First published April 1, 2015 - More info
Recently, patient mutations that activate PI3K signaling have been linked to a primary antibody deficiency. Here, we used whole-exome sequencing and characterized the molecular defects in 4 patients from 3 unrelated families diagnosed with hypogammaglobulinemia and recurrent infections. We identified 2 different heterozygous splice site mutations that affect the same splice site in
Marie-Céline Deau, Lucie Heurtier, Pierre Frange, Felipe Suarez, Christine Bole-Feysot, Patrick Nitschke, Marina Cavazzana, Capucine Picard, Anne Durandy, Alain Fischer, Sven Kracker
Original citation: J Clin Invest. 2014;124(9):3923–3928. doi:10.1172/JCI75746.
Citation for this corrigendum: J Clin Invest. 2015;125(4):1764–1765. doi:10.1172/JCI81746.
The authors recently identified an error in the identification numbers assigned to patient samples that resulted in an incorrect clinical and immunological description of patient 4 (P4). The error did not affect the conclusions of the manuscript; however, the correct immunological profile is now included in the revised version of Table 1, which appears below.
Clinical and immunologic features
Corrected text for the clinical description is provided below:
Results and Discussion, 1st paragraph:
All 4 patients had been suffering from recurrent respiratory bacterial tract infections from soon after birth, although none of them was hospitalized to treat infections (Table 1 and Supplemental Figure 1; supplemental material available online with this article; doi:10.1172/JCI75746DS1). They had no signs of allergy, autoimmunity, splenomegaly, or lymphadenopathy (with the exception of patient 1 [P1], whose tonsils had been removed in 2 separate operations). Although viral infections and opportunistic bacterial or fungal infections were not reported, P2 and P4, but not P1, presented with EBV viremia, as detected by PCR (P2, 1,500 copies per ml; P4, 540 copies per ml; reference values, <182, respectively). P2 also presented with CMV viremia (CMV, 9,300 copies per ml; reference values, <446). Lymphocyte counts were in the normal range, but the frequency of CD31+CD45RA+ naive CD4 and CCR7+CD45RA+ naive CD8 peripheral blood T cells was low in all patients (Table 1). An elevated proportion of CD8 T cells expressing the senescence–associated marker CD57 was observed in the 3 infant patients (P1, P2, and P4). P1 displayed a memory B cell deficiency. All patients had elevated frequency of transitional B cells (Table 1). Impaired B cell function was suggested by the serum Ig profile: undetectable IgA levels in all patients; very low IgG levels in P1 and P2 (but elevated levels in P3); and elevated IgM levels in all 4 patients. All the patients but P3 were receiving Ig replacement therapy. The immunological phenotype of these patients was somewhat heterogeneous and reminiscent of that observed in APDS. The presence of dominant gain–of–function mutations of PIK3CD was ruled out for all 4 patients (data not shown). P2 presented with growth retardation (–2 SD for weight and –2.5 SD for height), without improvement after treatment with Ig replacement therapy. P4 also presented with slight growth retardation (–1.5 SD for weight and –2 SD for height).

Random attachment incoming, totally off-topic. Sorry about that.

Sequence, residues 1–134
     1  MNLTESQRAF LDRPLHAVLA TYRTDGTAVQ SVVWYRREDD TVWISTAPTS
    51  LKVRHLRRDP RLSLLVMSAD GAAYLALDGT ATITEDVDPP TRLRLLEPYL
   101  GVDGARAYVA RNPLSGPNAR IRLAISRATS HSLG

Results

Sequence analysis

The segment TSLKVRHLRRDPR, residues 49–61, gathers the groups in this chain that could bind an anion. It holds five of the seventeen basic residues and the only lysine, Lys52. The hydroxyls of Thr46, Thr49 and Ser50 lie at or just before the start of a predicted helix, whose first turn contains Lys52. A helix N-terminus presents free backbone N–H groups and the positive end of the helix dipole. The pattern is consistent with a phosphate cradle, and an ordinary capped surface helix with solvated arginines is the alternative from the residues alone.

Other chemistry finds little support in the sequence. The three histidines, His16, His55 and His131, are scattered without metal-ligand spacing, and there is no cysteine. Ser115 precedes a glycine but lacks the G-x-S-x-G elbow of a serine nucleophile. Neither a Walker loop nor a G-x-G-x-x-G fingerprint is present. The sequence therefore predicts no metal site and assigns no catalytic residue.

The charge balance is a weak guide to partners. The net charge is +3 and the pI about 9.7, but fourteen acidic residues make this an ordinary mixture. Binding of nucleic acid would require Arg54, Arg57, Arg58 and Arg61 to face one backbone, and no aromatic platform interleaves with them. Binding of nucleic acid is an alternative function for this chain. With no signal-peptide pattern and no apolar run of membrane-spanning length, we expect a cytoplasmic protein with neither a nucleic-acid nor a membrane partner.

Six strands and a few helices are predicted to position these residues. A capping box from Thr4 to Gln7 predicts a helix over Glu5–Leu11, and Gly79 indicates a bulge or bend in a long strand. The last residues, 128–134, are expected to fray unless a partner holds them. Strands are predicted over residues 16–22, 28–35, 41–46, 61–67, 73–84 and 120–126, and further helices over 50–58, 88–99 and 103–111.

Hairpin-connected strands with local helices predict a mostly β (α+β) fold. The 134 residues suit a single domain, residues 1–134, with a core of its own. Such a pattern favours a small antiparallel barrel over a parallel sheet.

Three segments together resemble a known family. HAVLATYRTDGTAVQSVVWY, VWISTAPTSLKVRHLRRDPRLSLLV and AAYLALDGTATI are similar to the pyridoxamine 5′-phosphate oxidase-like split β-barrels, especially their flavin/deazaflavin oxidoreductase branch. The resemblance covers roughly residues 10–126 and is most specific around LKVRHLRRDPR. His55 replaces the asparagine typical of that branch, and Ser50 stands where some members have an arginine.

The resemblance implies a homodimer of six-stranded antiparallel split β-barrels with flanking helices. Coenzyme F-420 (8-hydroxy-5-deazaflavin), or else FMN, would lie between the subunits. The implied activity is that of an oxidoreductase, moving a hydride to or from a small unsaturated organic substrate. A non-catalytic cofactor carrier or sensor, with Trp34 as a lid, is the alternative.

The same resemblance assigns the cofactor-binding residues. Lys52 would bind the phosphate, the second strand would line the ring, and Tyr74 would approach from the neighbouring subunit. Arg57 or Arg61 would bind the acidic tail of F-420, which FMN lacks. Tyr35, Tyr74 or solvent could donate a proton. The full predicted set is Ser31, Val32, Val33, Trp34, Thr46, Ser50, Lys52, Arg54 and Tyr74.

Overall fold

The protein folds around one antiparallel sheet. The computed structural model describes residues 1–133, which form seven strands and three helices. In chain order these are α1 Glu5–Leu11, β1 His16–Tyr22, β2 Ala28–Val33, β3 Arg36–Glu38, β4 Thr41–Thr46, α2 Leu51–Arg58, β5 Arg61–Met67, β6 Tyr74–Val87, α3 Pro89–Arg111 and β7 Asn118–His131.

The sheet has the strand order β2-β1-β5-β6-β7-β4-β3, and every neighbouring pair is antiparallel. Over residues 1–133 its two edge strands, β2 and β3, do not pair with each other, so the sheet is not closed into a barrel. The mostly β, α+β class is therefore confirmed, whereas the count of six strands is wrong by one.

The authors regret the errors.